Ms. Weingarten last month visited Los Angeles and held friendly meetings with each side — and left open the possibility of a partnership with the charter group. "We'd like to build a relationship," her special representative for high schools, Leo Casey, said.
Leaders of the New York City union's opposition caucus, the Independent Community of Educators, learned about the trip from a Los Angeles Times editorial, and lashed back in angry blog posts. Green Dot teachers are unionized, but not through the city union, and they lack protections such as traditional tenure or privileges for senior teachers. ICE leaders called Green Dot's contract anti-teacher.
Ms. Weingarten defended her visit with Green Dot's founder, Steve Barr, during a meeting of her union's executive committee, but she failed to satisfy some. "This is the end of the union," an ICE leader who sits on the executive committee, Jeff Kaufman, said. "She's going to leave in her wake now a real change in terms of what teachers unions are."
Mr. Kaufman's caucus won 10% of the vote in a recent UFT leadership election, but lost all its seats on the executive committee. Mr. Kaufman admitted the blow would dampen the caucus's power, but vowed to keep up pressure via blog posts.
Some education experts praised Ms. Weingarten's outreach as a rare display of leadership from a union head, contrasting it with her West Coast counterpart, A.J. Duffy, the president of United Teachers Los Angeles.
The union's battle with Green Dot escalated last month when teachers at an L.A. high school voted to abandon the public district and join Mr. Barr's group. United Teachers Los Angeles had fought previous expansion attempts by Green Dot, and a teacher wrote in the Los Angeles Times last week that the union also managed to squash teachers' push for change. (In an interview, Mr. Duffy denied that any bullying took place.)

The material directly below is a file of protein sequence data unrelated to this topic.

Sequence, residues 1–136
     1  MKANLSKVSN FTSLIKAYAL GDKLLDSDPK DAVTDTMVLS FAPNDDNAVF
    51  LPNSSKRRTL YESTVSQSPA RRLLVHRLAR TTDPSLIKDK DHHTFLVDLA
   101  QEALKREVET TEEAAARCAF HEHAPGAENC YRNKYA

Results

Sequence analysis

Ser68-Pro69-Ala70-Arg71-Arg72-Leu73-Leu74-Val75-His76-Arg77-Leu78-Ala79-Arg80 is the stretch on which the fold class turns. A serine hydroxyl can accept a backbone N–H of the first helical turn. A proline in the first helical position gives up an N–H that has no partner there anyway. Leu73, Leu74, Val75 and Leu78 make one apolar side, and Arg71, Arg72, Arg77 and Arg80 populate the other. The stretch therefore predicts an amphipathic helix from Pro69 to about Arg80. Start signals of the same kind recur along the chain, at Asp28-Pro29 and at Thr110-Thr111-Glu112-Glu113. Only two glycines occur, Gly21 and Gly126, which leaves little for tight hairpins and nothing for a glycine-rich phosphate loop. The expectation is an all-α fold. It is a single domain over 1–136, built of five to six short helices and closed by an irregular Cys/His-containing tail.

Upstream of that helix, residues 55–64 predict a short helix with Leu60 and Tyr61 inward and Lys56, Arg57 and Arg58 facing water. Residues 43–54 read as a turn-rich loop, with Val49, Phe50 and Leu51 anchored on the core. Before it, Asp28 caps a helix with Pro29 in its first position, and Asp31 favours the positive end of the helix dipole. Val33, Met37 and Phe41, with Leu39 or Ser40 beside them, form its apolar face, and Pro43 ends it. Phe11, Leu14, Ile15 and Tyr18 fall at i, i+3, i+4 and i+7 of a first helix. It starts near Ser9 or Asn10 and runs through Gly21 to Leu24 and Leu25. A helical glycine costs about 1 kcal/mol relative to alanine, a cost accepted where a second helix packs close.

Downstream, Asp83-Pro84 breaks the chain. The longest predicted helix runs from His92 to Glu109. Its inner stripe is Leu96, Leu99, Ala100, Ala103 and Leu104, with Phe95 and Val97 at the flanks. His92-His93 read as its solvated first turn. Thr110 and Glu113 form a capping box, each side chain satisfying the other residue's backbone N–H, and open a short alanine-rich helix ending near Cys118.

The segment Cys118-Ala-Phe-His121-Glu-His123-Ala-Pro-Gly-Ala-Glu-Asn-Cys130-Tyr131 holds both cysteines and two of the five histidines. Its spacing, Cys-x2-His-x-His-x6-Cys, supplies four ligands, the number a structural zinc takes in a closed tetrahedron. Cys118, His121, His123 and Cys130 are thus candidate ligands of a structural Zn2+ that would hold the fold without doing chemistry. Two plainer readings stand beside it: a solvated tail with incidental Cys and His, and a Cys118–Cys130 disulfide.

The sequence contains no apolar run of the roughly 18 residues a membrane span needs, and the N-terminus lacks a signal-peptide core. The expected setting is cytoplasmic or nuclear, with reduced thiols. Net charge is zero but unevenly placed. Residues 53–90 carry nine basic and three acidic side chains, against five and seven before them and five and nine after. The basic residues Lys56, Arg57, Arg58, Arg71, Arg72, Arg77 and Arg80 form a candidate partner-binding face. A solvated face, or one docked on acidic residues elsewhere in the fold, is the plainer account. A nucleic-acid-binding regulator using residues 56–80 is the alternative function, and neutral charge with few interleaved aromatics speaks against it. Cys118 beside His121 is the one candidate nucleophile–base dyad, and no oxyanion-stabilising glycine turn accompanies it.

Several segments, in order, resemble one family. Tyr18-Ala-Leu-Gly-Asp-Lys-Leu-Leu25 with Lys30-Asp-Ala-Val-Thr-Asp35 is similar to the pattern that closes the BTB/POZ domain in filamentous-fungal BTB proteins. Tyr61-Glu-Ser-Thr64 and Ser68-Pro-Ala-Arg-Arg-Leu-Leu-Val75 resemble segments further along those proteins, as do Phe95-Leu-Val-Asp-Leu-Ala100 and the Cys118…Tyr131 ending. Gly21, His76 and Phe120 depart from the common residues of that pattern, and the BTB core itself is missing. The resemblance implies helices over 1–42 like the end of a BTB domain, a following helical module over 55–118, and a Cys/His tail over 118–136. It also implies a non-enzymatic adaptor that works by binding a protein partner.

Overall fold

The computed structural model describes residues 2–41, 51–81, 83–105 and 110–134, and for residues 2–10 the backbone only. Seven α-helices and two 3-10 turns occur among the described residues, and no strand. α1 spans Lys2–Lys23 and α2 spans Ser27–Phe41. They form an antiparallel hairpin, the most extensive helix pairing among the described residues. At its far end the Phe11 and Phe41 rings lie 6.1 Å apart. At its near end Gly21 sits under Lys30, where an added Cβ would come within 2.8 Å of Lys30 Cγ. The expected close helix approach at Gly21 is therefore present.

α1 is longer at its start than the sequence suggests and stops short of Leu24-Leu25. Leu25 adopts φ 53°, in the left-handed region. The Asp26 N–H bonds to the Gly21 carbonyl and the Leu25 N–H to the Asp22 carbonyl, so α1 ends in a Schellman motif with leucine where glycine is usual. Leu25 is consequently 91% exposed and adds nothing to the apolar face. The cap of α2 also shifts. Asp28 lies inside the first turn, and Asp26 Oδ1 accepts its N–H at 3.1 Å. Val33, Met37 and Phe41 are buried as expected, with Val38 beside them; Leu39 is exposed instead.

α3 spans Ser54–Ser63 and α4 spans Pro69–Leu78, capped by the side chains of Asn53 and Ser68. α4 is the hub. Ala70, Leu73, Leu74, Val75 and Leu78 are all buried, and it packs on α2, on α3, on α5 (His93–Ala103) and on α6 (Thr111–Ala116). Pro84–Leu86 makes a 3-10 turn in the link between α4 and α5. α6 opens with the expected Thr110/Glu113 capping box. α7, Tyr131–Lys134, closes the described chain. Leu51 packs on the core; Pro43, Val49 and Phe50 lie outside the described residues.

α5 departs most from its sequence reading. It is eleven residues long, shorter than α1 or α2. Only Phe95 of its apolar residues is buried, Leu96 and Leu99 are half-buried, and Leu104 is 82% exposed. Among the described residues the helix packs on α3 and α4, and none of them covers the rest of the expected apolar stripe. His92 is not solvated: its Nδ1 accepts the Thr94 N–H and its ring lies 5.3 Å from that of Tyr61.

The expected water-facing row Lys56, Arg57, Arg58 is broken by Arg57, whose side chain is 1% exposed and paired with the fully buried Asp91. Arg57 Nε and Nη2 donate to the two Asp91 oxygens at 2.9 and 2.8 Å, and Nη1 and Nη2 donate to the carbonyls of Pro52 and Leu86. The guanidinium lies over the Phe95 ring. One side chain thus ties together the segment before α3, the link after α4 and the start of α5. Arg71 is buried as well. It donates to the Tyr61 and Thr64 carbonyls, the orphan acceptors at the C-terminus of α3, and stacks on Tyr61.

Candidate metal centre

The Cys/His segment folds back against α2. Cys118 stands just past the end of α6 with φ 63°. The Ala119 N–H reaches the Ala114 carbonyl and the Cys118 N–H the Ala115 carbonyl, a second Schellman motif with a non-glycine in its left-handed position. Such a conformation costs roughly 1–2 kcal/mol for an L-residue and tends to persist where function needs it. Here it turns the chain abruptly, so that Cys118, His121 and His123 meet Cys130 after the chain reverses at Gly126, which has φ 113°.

Ms. Weingarten's visit, when she met with Messrs. Barr and Duffy, was an attempt at peacemaking, Mr. Casey said. But he said the trip also continued an ongoing conversation between Ms. Weingarten and Mr. Barr. It had been on Ms. Weingarten's schedule for two weeks — well before tensions escalated, a union spokesman said.
Ms. Weingarten said she wanted to visit the Green Dot schools, whose union status is unique among charter schools and which boast an 81% graduation rate, in order to see them for herself. After visiting two, she said she was impressed. "They are very teacher-centered," she said. "It's obvious, the teacher professionalism and collaboration that is the center of these schools."
Several sources said Green Dot's founder has been looking to expand his network into cities beyond Los Angeles. Ms. Weingarten would not say what her next step would be with Green Dot, and Mr. Barr declined to comment for this article. Mr. Casey said the relationship is part of a broader United Federation of Teachers plan to organize what he called the "progressive pole" of the charter school movement, citing groups in Minnesota and Wisconsin.
Many union leaders strongly oppose charter schools, which are privately run but publicly funded. Ms. Weingarten has taken a softer stance, even opening two charter schools of her own.
"She gets that choice is coming to public education, so she's out in the front, instead of just waiting to get run over by it like some of her colleagues," Andrew Rotherham, the co-director of an education think tank, Education Sector, said.During her trip, Ms. Weingarten also met with the philanthropist Eli Broad, who gave Green Dot $10.5 million last year.
Ed. Note: Broad also gave UFT Charters $1 million.